With Levski’s last Championship back in 2009 and a rich heritage of heroes like Vasil Levski and Gundi Asparuhov casting such a voluminous shadow the club are in real need of a new hero to help end the domestic dominance of Ludogorets and bring success back to the capital.

Friday April 21st 2017 – PFG First League
PFC Levski Sofia 1 (Budinov og 6)
FC Dunav Ruse (2010) 1 (Ayass 76)

Att:620 (at Stadion Georgi Asparuhov)

Admission: 20 Lev (c.£10) to main stand although tickets to other parts of the ground were priced at 5 and 10 Lev.

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Postcards From Belgrade 2 (Serbian Groundhop 2017)

Following last years pioneering Groudhop to Belgrade a second one was arranged for the first weekend of April 2017 with no less than 45 groundhoppers attending.

The first match on the agenda was the match between Dinamo Vranje and ČSK Celarevo Pivara. Vranje is a city in the Pčinja district of Southern Serbia, just 25 miles from the border with Macedonia and 40 miles from Bulgaria. The club were formed in 1947 and have spent much of their recent history in between the second and third tiers of Serb football. However, as recently as 2013/14 they were in the fourth tier but after two straight promotions they have returned to the Prva Liga. Dinamo play at the Yumco Stadion, Yumco have their HQ next door to the stadium and produce the uniforms for the Serbian military.

The stadium is a quirky two sided affair with separate entrances for both sides meaning you had to leave the stadium and walk round the perimeter to gain access to the open terrace on the far side. What set the ground apart was its location beneath the triple peaks of the Pljačkovica, Krstilovice and Pržar mountains, as initially the sun shone it really was a most beautiful vista.

Prva Liga (07/04/2017)

FK Dinamo Vranje 2 (Djokić 51, Suraka 62)

FK ČSK Pivara 1 (Mezei 89)

Att: c.600 (at Yumco Stadion) Free admission

The footballing offering for Saturday morning was restricted to under 19 matches in the Omladinska Liga. We opted for the game between second placed FK Partizan and league leaders FK Brodarac. They play at the Sports Centre Partizan-Teleoptik in Zemun which is also known as as “Zemunelo”. As well as being Partizan’s training ground it is the home ground of FK Teleoptik who currently lead the third tier Srpska Liga Beograd Zona.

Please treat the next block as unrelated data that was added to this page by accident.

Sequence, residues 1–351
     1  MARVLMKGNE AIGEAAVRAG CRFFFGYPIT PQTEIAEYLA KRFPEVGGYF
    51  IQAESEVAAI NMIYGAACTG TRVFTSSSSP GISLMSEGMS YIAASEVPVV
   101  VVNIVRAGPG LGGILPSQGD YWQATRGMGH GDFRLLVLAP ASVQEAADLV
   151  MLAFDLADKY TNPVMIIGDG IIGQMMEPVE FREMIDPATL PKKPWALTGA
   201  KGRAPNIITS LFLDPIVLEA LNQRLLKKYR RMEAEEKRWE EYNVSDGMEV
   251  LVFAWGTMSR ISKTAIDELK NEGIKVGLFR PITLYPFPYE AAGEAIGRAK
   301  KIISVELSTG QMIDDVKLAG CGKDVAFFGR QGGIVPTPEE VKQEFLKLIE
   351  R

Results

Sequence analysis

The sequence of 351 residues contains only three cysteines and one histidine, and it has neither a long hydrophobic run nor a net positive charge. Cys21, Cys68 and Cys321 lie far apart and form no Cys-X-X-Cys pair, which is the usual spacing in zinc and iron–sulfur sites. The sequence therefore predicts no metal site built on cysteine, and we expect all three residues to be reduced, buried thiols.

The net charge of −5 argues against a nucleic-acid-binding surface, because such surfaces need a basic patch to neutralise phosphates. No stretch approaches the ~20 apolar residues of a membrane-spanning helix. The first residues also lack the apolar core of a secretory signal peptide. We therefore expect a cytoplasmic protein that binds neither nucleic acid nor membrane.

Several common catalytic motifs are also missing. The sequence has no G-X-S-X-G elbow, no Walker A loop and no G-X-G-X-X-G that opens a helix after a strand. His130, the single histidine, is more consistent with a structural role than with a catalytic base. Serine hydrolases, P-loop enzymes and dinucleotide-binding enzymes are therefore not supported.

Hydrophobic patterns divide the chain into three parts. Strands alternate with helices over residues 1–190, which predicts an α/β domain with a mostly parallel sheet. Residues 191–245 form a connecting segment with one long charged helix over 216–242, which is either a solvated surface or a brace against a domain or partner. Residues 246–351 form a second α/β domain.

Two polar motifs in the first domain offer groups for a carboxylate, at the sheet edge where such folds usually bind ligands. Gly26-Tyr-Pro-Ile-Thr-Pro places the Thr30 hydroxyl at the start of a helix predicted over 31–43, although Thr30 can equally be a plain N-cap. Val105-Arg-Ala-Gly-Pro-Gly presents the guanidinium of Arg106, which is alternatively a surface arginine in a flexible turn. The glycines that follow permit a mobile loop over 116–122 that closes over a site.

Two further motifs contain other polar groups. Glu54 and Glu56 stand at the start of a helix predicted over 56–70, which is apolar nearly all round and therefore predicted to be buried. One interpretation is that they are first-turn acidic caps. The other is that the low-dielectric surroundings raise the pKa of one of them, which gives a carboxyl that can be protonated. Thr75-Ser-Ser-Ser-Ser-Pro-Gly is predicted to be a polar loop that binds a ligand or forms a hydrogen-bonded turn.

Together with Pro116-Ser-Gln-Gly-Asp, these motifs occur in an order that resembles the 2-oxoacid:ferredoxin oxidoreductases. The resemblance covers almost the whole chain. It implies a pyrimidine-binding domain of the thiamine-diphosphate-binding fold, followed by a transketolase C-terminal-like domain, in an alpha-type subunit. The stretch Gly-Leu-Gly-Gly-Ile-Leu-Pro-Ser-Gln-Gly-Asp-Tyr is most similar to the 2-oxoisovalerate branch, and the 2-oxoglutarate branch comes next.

A healthy crowd of almost 400 gather to watch a scintillating performance from Brodarac who win comfortably by four goals to one. Among the crowd was former PSV, Chelsea and Atlético Madrid striker Mateja Kežman who was very friendly and seemed happy to sign autographs and pose for photos.

Omlandiska Liga (08/04/2017, 10am)

FK Partizan U19s 1 (Maksimović 78)
FK Brodarac U19s 4 (Lukić 23,53, Bjelobrk 40, Kojić 66)

Att:397 (at SC Partizan Teleoptik)

The early evening game saw a trip to Stadion Partizan for the match against southern Serbian club Radnik Surdulica. Tension in and around the stadium, despite the modest crowd, was palpable with Red Star ultras apparently trying to steal Partizan flags. The mood wasn’t helped by Radnik taking an unexpected lead early on.

The second half thankfully was less worrying and Partizan almost inevitably came back to win 2-1 thanks to the awarding of a very soft penalty.
Partizan and Red Star have been at loggerheads since both were formed in 1945 after all pre War clubs were formally dissolved. Red Star have won 27 National championships to Partizan’s 26 so you can imagine the intense rivalry between the two on derby day. The Večiti derbi, the Eternal Derby,really is one of Europe’s greatest footballing experiences.

Super Liga (08/04/2017, 5pm)

FK Partizan 2 (Janković 53, Durdević pen 78)

FK Radnik Surdulica 1 (Arsenijević 18)

Att:1,500

On Sunday we could have stayed in Belgrade for the easy option of Grafičar but instead we decided on the derby of Mladenovac! Upon entering the ground of FK Selo Mladenovac you see an old railway carriage which is used as a refreshments bar! On the far side is a pitch length uncovered terrace whose concrete steps have been almost subsumed by weeds and wild flowers. Behind the terrace is the eye catching feature of a disuse mill tower. Behind the dressing rooms is the disused factory of Petar Drapšin which manufactured tanks for the old Eastern bloc countries.